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Biography of David E. Ballard

David E. Ballard is living retired at Washington, Kansas, at the age of eighty-one. Most of his active contemporaries in the strenuous achievements of his earlier years have long since passed away. Mr. Ballard is one of the few survivors of the prominent Kansans who actually laid the foundation of the state. His name is especially associated with the organization of Washington County and the establishment of Washington as its county seat. It was only a few years ago that he disposed of many of his extensive interests, and is now devoting his life to rest and travel. He had taken a permanent home at Miami, Florida, and just recently he returned from a visit to relatives at Lansing, Michigan, and Jamaica Plains, near Boston. Mr. Ballard inherits the splendid qualities of the New England type. He is descended from William and Grace Ballard, who came from England and settled at Andover, Massachusetts, in 1635. His father, Appleton Ballard, was born in New Hampshire in 1808, went to Vermont at the age of twenty-one, married there and became a farmer, and in 1837 located at Sparta, Ohio. There he worked at the trade of shoemaker, built a store, and in 1846 removed to the newly established town of Lansing, Michigan, where the capital of the state had just been located. He kept a store until it was burned, and after that he did market gardening near the capital city until his death in 1884. He was identified with the old whig party and the abolitionist cause and subsequently became a republican. His church affiliation was with the Methodist. Appleton...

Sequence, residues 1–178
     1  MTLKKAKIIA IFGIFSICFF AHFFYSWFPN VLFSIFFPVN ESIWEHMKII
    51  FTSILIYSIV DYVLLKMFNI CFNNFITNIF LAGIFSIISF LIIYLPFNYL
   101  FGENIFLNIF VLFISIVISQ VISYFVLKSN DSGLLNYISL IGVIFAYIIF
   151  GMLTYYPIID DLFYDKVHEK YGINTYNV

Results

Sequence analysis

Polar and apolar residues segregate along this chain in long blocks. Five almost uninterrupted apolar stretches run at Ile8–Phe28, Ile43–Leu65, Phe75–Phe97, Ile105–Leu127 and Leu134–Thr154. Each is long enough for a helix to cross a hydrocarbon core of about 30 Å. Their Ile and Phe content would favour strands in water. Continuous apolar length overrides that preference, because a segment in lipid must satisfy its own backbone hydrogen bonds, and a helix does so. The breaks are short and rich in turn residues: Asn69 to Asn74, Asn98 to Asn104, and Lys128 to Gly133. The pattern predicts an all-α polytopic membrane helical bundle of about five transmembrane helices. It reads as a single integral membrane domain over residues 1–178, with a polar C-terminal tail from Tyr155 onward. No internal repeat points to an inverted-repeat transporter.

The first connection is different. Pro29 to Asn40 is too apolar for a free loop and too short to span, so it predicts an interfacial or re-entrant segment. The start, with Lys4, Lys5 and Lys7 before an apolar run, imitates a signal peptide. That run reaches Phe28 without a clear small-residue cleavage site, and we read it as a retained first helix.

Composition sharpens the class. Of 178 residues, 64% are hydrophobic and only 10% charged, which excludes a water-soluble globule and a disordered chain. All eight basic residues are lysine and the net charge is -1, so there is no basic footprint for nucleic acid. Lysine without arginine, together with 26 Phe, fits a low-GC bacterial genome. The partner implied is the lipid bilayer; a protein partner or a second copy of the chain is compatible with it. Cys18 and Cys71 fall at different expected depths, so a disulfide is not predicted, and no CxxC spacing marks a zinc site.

Biography of Hon. John Kelly

HON. JOHN KELLY. – Prominent in almost every department of business and public life, Honorable John Kelly is known throughout the length and breadth of our state as a man of great abilities and irreproachable integrity. As a pioneer, none has a more deserving record, nor has sustained amore honorable part. Born in Dublin, Ireland, in 1818, he crossed the Atlantic to Canada in 1838, and in 1840 came to Franklin, Vermont. Three years later he began a career at the West, coming to Wisconsin, and there exercising his natural bent for business and capacity for organization, by which he has been distinguished, established a small woolen factory. But, finding the conditions unfavorable for a business of the dimensions that he desired to control, he sold out his interest and removed to St. Louis, seeking a wider opportunity. There he was led by his love of adventure to enlist for service in the Mexican war. In January of 1848 he was quartered with his regiment at Fort Leavenworth; and not until June following was the command ready to move to the seat of war. While en route, at Santa Fé, news was received that the war was over; and the regiment was ordered back to Jefferson Barracks. In 1849 Mr. Kelly received an appointment as wagon-master in the battalion of Colonel Loring to proceed to Fort Vancouver on the Columbia. Experiencing cholera on the plains of the Nebraska, and, as drover of the companies loose stock, to which he had been subsequently assigned, meeting with unreasonable treatment, he disconnected himself from the train this side of Fort Hall, and...

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